Summertime is awesome. Summer in LA even more so. Summer in LA with no job is pretty damn near perfect. My sabbatical has been going on for almost a month, but only in the past week or so has it finally hit me. Between visiting family and the holiday, nothing has really felt normal, but now I have a new normal, which consists, mostly, of sitting in front of a blank screen. This is amazing and maddening.
The first thing I learned is to build a schedule, however useless it may be. But between working out, forced socialization, catching up on TV and, naturally, writing like it’s my job, it would be easy to simply veg out and enjoy the first true break from work I’ve had in years. But I can’t. I’ve been productive. I upped my workout game to six days a week. Last week I thought of, plotted out, and wrote a complete pilot, a one-hour drama. Last year it took me nearly six months to complete a half-hour, so I feel pretty good about that. Aside from that, in my writers group, we created another half-hour comedy that we are planning to shoot, once we can settle the pesky idea of ownership. Oh yeah, and actually write the damn thing.
Between writing projects, I still have a lot of stuff to catch up on, and in an effort to save money, I’ve also absorbed some of the tasks I used to contract out for – like cleaning my yard, watering my plants, stuff like that. It was while watering my trees yesterday that it truly hit me that it was summer. It wasn’t the sunlight and warmth, LA is pretty much like this year-round. I can sometimes forget what time of year it is with no obvious triggers like seasons. No, the thing that brought me back was a smell. Everyone knows that smell is the strongest of the senses tied to memory, and there’s one smell that can so distinctly place me back in Omaha, in the 80s, as a little kid in the summer. The smell of wet cement on a hot day.
I’m not talking wet cement that’s still forming. I mean just your standard driveway in the 90-degree sun that is suddenly struck with the contents of a hose. That wafting aroma that is like a bitter dry bouquet of playtime, bike rides, dog walks, and unadulterated (pun intended) childhood fun.
My summers as a kid meant a lot of different things. It most certainly meant playing outside, whether it was shooting hoops in our backyard basket, creating stories with my Star Wars and GI Joe action figures, or hide and seek with the neighbor kids. I would spend a few weeks every summer with my grandparents in Iowa, which meant riding the John Deere tractor, running through the acres of land behind their house, sleeping in the Winnebago in their driveway, and then freaking out in the Winnebago because I heard a sound and waking up my grandfather and getting yelled at. He was generally an asshole.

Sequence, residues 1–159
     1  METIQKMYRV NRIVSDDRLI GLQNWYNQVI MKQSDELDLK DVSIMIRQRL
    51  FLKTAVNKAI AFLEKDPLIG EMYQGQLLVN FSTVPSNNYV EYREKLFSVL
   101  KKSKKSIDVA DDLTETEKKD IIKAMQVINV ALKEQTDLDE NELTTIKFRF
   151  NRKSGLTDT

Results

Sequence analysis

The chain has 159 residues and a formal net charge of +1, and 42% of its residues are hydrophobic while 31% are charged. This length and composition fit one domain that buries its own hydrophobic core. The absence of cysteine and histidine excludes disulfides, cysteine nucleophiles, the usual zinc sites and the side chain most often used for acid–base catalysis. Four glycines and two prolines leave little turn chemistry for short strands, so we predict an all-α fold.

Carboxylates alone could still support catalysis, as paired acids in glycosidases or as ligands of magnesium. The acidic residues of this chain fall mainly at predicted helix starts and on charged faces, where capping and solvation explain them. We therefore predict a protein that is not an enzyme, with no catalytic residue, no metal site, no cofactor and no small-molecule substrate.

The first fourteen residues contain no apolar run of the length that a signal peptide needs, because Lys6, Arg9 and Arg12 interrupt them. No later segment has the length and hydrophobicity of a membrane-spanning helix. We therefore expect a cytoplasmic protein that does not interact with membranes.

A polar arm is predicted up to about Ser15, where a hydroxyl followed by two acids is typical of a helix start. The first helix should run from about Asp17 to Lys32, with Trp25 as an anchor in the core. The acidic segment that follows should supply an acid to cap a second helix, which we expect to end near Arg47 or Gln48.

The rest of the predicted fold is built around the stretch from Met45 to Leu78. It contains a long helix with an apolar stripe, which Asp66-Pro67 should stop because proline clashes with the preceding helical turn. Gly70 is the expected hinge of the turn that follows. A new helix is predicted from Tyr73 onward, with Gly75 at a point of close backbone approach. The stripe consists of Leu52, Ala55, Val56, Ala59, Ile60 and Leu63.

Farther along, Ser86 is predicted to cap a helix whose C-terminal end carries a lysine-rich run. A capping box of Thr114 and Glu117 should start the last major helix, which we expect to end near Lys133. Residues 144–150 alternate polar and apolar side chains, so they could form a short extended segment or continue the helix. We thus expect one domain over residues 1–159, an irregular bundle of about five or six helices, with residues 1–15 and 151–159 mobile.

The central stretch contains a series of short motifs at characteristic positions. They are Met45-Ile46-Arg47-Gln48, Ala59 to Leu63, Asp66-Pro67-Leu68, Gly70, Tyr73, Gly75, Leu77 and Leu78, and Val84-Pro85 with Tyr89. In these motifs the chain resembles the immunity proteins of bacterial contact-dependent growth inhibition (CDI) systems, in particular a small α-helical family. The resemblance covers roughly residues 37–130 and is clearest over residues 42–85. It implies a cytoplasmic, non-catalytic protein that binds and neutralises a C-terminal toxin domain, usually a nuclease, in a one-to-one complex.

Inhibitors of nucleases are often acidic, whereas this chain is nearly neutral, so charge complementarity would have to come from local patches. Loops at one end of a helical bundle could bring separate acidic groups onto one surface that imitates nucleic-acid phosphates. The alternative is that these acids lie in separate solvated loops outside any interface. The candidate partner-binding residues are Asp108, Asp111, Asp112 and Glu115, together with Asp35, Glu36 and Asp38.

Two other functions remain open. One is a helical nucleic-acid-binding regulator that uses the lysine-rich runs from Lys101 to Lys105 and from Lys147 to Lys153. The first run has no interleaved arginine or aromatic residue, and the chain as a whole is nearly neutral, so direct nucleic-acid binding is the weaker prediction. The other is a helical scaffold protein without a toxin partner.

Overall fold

For a few years, I would spend one week in the summer at the overnight camp. I remember hiking the trails, hanging out in the cabins, playing with frogs, but mostly learning camp songs and performing for the parents when they came to pick us up on Friday, especially that one about Amster-Amster-DAM-DAM-DAM. It felt good shouting that.
There would be road trips to nearby Lakes or amusement parks or monuments with President’s faces. These were generally spent with two other families, the Schaefers and the Aguilars, both of whom outnumbered us, even when there were only four Aguilar children. There seemed a bit of a break before the other three.
Summertime was the buffer between grades. When the new school year would start (marked by that glorious time of getting new school supplies, kind of like a second Christmas), everyone would share stories of what they did, where they went, who they hung out with, in a constant game of one-upmanship. I didn’t leave as close to school as a lot of other kids, so I tended to only hang out with those in close proximity, and my neighborhood friends that went to different schools. So much of childhood friendship is based on proximity.
As I watered my trees, smelled the cement, and thought back to those summers as a kid, those time capsules of change and growth, and the end of the summer tales, I wonder what my end of summer tale will be this year. I’ve had many summers of personal growth and change. Nearly ten years ago I spent my summer (and the rest of the year) out of the country. I probably learned more and evolved more in that time than in the decade prior. This feels like another one. Hopefully, I will be able to look back and feel positive about this potentially mind-numbingly stupid idea to quit my career path and launch another.
Feels pretty good so far.